Ruling

01469-19 Andrews v bracknellnews.co.uk

    • Date complaint received

      27th June 2019

    • Outcome

      No breach - after investigation

    • Code provisions

      1 Accuracy, 13 Financial journalism

Decision of the Complaints Committee 01469-19 Andrews v bracknellnews.co.uk 
Summary of Complaint 

1. Paul Andrews complained to the Independent Press Standards Organisation that the bracknellnews.co.uk breached Clause 1 (Accuracy) of the Editors’ Code of Practice in an article headlined “The homes in Osborne Gates, Bracknell are available to purchase” published on 13 February 2019. 

2. The article reported on a statement given by the marketing director of a homebuilding firm   responsible for  a  development  of  “off-plan”  houses.  It  reported  that  the  homes  were  designed for first time-buyers to get on the property ladder and buyers would “see the value of their new home go up”, as a result of buying off-plan. The article included comments from the marketing director, who explained his view that buying off-plan had “many benefits” including the fact that as the homes were purchased at the price at which the property was secured – “which is normally lower than when the home is nearing build completion” – buyers were “more likely to make money on the house before [they] moved in”.

3. A link to the article was also shared on the publication’s Facebook page. The accompanying post to this link read “It is an encouraging way to get first-time buyers on the property ladder and see the value of their new home go up.”

4. The complainant said that it was misleading in breach of Clause 1 (Accuracy) to report that the value of the houses would go up. He said that there was the possibility that a house bought off-plan would not rise in value, for example, if the housebuilder went bankrupt, or the property was of poor quality.  He also  said  that  the  article  was  unbalanced  and  constituted inaccurate financial advice; it should have included warnings about the risks of purchasing an off plan home. He also expressed concern that the article was an undeclared advertisement for the homebuilding firm.  

5. The newspaper said that it accurately reported the homebuilder’s view that the value of the houses would rise over time, and noted that the article went on to explain that this was due to the fact that the houses are bought at a price “normally” lower that the value of the house when the build is completed, and so buyers were “more likely” to make a profit – this also qualified any possible earlier statement of fact. It also said that readers would understand that reporting that the value of the houses would “normally” rise was based on the homebuilder’s experience of recent years, but it was not an absolute guarantee that a buyer would achieve a profit from the purchase. The publication said that it would be clear to readers that the article was reporting the claims of the housebuilder quoted, and it was not suggesting that the house prices would rise in all circumstances – it would be obvious to readers that house prices could rise or fall. It offered the complainant the opportunity to print a letter in the publication, however this was declined.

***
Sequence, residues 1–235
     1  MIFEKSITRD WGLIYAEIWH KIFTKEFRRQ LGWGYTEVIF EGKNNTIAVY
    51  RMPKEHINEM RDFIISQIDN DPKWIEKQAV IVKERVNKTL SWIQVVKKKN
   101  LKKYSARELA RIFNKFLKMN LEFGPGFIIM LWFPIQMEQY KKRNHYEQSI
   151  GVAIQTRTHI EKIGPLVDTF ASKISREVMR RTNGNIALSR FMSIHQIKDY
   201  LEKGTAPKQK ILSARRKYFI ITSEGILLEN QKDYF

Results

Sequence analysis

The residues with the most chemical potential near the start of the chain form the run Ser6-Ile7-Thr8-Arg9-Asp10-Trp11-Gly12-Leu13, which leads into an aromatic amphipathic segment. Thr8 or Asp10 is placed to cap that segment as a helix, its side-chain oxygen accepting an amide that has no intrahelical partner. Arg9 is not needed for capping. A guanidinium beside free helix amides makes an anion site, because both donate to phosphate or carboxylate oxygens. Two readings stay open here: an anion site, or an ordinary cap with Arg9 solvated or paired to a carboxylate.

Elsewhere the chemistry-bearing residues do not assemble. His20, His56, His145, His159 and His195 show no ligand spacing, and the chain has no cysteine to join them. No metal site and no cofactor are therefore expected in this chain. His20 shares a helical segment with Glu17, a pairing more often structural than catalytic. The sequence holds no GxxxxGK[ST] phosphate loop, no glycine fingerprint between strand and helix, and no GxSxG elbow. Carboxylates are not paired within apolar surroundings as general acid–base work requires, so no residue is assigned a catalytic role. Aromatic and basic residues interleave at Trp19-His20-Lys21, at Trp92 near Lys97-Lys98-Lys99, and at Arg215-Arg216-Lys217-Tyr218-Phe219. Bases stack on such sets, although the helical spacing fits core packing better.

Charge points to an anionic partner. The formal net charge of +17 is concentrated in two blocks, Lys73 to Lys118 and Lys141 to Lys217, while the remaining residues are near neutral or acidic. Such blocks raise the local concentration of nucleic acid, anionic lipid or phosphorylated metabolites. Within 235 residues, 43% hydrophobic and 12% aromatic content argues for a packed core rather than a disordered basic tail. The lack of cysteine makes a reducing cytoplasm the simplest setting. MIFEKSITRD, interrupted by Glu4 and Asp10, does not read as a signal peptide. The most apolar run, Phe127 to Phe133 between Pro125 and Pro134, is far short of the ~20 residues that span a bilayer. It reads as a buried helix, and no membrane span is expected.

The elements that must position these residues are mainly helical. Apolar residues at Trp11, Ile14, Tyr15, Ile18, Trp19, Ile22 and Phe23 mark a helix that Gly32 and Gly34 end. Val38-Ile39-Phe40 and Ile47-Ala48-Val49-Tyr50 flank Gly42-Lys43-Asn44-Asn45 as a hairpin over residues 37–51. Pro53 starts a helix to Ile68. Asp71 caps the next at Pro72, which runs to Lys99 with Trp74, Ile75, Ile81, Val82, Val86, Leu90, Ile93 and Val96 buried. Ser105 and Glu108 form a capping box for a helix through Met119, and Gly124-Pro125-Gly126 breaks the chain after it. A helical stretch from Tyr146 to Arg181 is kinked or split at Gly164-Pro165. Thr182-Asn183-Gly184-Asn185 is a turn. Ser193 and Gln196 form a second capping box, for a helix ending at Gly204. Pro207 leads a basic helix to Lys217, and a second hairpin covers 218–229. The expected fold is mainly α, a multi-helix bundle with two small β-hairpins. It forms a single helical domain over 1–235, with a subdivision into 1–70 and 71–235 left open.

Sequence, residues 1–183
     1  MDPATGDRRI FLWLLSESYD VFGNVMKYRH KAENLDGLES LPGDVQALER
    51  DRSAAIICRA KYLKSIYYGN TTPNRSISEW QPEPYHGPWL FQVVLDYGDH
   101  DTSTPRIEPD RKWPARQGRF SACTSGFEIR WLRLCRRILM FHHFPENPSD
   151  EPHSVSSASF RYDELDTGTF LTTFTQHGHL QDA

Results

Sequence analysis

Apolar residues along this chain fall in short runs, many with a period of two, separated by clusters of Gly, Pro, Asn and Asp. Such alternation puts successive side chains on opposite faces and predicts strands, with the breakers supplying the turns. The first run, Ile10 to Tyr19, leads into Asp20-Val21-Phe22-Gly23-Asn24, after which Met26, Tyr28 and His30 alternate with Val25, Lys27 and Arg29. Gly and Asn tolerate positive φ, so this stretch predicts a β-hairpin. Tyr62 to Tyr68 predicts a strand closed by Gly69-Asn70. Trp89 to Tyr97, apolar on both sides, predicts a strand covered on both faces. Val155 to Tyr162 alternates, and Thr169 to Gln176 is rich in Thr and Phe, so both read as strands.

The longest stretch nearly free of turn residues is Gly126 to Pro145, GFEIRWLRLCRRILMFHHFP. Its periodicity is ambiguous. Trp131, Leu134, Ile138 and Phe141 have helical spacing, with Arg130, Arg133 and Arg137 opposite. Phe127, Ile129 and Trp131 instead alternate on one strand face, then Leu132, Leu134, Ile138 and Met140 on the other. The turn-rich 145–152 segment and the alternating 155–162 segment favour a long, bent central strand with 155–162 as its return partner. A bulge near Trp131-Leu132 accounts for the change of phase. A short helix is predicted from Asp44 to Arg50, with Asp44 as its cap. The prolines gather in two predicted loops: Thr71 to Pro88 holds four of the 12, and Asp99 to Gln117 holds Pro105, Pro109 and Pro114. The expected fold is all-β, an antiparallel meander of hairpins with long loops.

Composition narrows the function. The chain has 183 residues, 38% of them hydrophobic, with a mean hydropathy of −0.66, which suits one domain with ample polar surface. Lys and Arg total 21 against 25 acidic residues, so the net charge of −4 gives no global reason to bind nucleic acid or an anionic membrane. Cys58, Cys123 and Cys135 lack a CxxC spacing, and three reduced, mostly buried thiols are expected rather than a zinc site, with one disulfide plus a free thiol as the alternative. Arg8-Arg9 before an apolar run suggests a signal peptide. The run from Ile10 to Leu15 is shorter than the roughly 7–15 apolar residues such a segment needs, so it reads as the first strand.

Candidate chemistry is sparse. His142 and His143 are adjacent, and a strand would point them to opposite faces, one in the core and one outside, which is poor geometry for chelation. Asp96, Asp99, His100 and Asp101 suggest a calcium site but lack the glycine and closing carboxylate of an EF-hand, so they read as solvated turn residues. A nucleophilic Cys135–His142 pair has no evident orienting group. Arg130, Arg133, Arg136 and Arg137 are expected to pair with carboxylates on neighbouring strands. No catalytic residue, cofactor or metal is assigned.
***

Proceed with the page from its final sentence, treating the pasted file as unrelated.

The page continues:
Relevant Code Provisions

6. Clause 1 (Accuracy)
  
i) The Press must take care not to publish inaccurate, misleading or distorted information or images, including headlines not supported by the text.

ii) A significant inaccuracy, misleading statement or distortion must be corrected, promptly and with due prominence, and — where appropriate — an apology published. In cases involving IPSO, due prominence should be as required by the regulator.

iii) A fair opportunity to reply to significant inaccuracies should be given, when reasonably called for.

iv) The Press, while free to editorialise and campaign, must distinguish clearly between comment, conjecture and fact.
Findings of the Committee
 
7. It was not in dispute that buying off-plan may, in certain circumstances, enable buyers to see the value of their homes rise. The complainant said that the article was misleading because it did not mention that there may be scenarios in which the value of the house would fall. The Committee noted that there may be an ambiguity as to whether the statements had been adopted as fact by the publication, however, where the article went on to explain that the purchase price was “normally” lower that the final value, and so buyers would be “more likely” to make a profit made it clear to readers that the claim that the prices of the houses would rise was not an absolute one and clarified any earlier possible claim of fact. In addition, there was no requirement under the Editors’ Code for the article to be balanced or to include financial advice. There was no misleading impression of inaccuracy, and no correction was required. There was no breach of Clause 1.

Conclusions

8. The complaint was not upheld 

Remedial Action 

9. N/A

Date complaint received: 14/02/2019
Date decision issued: 11/06/2019